I really wished I could have liked this series, I really do. But it was just a bit more of a miss for me. And I am the type that enjoys realism, and real authentic storylines and dialogue - but in this case there was a lack.
it's laden with history. detail and developement. and my god, the artwork. its detail and work is amazing. you know everything is hand drawn. a feat that is not so common in today's manga. as expected from kaoru mori. I love her characters. they're the ones you actually care for.
You know who's younger than the bride...
-The Bridesgroom, but I guess it's not his story.
I remember reading the first chapter or two(least upto the decision to get the girl back) and quitting because the premise made me unexpectedly uncomfortable, this was like 5 or 6 years ago. Also thought it was kinda boring at the time, and I was looking for darker material too(or a lot optimism and humour, an extreme at either side).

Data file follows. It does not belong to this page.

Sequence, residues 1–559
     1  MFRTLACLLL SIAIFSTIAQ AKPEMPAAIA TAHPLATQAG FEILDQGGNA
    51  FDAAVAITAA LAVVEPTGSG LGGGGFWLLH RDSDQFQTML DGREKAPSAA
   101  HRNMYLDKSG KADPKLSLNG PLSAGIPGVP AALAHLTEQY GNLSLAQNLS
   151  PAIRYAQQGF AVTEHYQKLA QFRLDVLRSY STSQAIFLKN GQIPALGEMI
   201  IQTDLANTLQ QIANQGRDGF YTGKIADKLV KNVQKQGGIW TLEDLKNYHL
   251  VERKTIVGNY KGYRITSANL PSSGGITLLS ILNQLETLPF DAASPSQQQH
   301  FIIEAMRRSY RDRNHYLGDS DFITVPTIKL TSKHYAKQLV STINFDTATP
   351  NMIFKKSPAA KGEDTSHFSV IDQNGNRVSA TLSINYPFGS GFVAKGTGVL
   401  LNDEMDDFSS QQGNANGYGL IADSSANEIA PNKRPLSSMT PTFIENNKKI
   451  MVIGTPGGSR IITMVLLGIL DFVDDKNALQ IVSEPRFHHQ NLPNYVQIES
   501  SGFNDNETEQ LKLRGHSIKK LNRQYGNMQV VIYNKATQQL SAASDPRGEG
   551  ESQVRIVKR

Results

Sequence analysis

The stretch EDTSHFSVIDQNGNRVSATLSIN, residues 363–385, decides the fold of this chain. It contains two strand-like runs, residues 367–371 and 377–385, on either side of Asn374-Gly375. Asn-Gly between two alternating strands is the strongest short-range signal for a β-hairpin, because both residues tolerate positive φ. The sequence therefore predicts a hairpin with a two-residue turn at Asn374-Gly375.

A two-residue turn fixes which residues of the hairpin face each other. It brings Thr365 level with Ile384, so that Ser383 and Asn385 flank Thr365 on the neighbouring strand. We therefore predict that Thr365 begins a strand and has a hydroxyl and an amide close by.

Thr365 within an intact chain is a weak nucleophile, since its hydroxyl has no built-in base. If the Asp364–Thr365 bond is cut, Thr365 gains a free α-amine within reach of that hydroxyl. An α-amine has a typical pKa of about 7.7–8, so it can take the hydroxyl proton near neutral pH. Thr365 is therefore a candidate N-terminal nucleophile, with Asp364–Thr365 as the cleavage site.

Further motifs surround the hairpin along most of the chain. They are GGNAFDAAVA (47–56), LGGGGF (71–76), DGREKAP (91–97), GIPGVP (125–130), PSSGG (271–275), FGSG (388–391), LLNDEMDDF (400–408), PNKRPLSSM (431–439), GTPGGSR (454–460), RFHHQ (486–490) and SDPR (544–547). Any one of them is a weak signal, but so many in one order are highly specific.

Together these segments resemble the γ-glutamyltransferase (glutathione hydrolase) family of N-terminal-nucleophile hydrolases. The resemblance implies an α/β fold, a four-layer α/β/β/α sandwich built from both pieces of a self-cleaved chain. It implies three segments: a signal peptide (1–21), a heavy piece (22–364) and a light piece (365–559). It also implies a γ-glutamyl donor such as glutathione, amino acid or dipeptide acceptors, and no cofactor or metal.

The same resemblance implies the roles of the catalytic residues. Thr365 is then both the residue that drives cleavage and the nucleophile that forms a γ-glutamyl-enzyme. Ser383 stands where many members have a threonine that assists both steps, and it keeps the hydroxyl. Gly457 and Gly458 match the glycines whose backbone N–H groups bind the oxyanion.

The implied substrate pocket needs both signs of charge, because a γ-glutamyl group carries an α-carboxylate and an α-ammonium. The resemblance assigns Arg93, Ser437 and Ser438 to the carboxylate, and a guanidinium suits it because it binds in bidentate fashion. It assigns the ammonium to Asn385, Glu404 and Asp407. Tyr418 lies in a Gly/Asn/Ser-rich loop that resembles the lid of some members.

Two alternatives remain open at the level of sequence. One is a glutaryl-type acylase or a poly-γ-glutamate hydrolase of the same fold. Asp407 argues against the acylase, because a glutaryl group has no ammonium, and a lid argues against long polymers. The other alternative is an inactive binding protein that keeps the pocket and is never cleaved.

I have and haven't changed since then. I don't understand why my past self had a problem since it's takes place in a different time period, in a different culture ect. I also no longer find it boring. There's a fun that's similar to yotsuba and Suicide Island. Watching people live a simple but complicated life(I love to contradict myself like this apparently) and do things we can't anymore because it's outside our norm to survive. Skinning a rabbit, shooting a deer ect.
The art is quite nice, especially on the clothes(or furniture/items sometimes). The people aren't detailed but the girls are quite cute. Backgrounds tend to be sparse though.
Can't get enough!!
First of all- kudos to Mori Kaoru for this manga; I absolutely love Otoyomegatari. I can find no real fault in the entire manga. The story is great, the historical accuracy is phenomenal, and the ART is simply BREATHTAKING. This manga is a real gem among many shallow stories out there and I think everyone should try it at least once, though it won't satisfy all readers. Honestly, when I first picked this up I was expecting more of a romance between Amira and Karluk, but I was pleasently surprised when I found a more in-depth multi-faceted story about life in nomadic Asia. I still wish there was a tad more romance in it but that's only because I'm mainly a romance manga reader. Otoyomegatari is defintely a good read, and something that I will eagerly wait for chapters for.